At constant temperature, the resistance of a conductor of particular material varies proportionately with the length and inversely with the area of cross section. Therefore, we get from the laws of resistance,
R ∞ L/A, when temperature and material remain the same.
or, R = ρ (L/A)
Here ρ is a constant, the value of which depends on the material of the conductor and its temperature. This constant is called the resistivity or specific resistance of the material at that temperature.
In equation R = ρ (L/A), if L = 1 unit, A = 1 unit, then, ρ = R.
Therefore, at a particular temperature, the resistance of a conductor of unit length and unit cross sectional area is called the specific resistance of that material at that temperature.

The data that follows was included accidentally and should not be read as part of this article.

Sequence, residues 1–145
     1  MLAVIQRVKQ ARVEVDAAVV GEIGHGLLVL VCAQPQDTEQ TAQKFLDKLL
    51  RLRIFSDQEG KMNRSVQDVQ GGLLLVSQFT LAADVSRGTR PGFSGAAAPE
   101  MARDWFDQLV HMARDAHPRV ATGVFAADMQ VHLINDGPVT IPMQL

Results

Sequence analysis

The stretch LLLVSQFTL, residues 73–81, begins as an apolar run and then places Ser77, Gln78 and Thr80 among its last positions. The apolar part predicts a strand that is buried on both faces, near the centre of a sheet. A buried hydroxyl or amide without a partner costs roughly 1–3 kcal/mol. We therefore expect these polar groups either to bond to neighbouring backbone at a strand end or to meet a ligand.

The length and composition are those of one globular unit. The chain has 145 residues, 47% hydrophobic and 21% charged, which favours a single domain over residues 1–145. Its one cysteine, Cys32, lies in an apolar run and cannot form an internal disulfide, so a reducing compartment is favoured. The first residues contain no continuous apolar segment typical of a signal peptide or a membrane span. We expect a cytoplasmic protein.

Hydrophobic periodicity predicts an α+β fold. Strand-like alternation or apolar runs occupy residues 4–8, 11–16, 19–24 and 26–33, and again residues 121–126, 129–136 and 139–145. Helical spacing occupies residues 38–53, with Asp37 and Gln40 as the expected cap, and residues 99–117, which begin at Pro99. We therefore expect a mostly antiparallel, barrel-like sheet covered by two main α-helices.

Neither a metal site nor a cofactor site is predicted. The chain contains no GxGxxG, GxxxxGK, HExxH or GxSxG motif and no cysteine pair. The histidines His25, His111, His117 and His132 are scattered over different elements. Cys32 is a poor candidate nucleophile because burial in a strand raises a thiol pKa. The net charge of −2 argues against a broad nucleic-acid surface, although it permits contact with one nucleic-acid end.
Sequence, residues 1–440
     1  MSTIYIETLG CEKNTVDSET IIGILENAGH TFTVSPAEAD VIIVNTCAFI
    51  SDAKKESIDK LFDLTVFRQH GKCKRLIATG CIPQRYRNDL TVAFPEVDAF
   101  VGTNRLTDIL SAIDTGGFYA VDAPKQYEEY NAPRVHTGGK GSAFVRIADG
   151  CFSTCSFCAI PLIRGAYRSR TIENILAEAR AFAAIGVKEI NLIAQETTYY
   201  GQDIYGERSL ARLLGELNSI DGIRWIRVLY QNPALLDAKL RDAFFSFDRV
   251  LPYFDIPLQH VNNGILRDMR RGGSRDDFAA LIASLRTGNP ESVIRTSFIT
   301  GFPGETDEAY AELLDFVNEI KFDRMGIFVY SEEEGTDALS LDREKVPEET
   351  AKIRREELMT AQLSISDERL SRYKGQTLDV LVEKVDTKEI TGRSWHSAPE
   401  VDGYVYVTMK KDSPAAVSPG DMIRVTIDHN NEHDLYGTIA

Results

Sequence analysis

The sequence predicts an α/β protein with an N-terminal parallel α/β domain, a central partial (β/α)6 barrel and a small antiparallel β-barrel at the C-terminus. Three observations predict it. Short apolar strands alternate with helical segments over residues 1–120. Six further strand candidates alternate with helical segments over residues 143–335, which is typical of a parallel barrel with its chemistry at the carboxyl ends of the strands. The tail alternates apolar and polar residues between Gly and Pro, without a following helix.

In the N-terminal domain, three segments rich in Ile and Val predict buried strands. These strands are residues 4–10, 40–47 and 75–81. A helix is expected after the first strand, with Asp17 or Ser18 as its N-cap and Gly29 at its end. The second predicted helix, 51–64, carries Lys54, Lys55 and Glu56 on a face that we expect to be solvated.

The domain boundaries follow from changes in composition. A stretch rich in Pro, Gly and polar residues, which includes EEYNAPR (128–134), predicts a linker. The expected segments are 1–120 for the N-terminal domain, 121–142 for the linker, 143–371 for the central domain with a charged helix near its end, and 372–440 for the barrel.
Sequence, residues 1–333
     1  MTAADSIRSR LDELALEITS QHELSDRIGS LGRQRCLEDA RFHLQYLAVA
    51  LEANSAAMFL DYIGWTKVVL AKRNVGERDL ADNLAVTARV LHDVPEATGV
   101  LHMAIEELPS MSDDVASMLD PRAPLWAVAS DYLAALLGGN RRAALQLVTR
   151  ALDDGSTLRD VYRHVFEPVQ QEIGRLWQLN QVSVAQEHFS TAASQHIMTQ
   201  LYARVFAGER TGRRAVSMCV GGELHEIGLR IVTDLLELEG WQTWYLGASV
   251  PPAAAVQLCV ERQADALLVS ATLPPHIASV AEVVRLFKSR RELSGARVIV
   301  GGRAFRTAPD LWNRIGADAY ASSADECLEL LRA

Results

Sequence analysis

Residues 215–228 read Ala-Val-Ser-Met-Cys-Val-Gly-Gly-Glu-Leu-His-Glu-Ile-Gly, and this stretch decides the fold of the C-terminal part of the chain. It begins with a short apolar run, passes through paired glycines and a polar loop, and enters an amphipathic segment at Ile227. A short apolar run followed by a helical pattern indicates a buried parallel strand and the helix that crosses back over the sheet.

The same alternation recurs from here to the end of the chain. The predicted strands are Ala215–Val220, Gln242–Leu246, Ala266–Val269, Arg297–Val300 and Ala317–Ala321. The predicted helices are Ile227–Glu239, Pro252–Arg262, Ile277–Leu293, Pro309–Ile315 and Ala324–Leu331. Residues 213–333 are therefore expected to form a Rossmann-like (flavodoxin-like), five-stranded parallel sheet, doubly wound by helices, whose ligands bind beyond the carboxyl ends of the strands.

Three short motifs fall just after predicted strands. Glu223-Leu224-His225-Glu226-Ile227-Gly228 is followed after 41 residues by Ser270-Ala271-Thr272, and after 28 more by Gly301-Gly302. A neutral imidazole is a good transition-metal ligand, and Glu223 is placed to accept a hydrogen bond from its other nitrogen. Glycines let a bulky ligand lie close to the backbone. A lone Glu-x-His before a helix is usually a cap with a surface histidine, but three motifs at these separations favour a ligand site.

At a certain temperature, the resistance of a conductor depends on its physical conditions (e.g. length, cross section etc.). But the resistivity of a conductor depends only on its material. Electrical resistivity (also known as resistivity, specific electrical resistance, or volume resistivity) is an intrinsic property that quantifies how strongly a given material opposes the flow of electric current.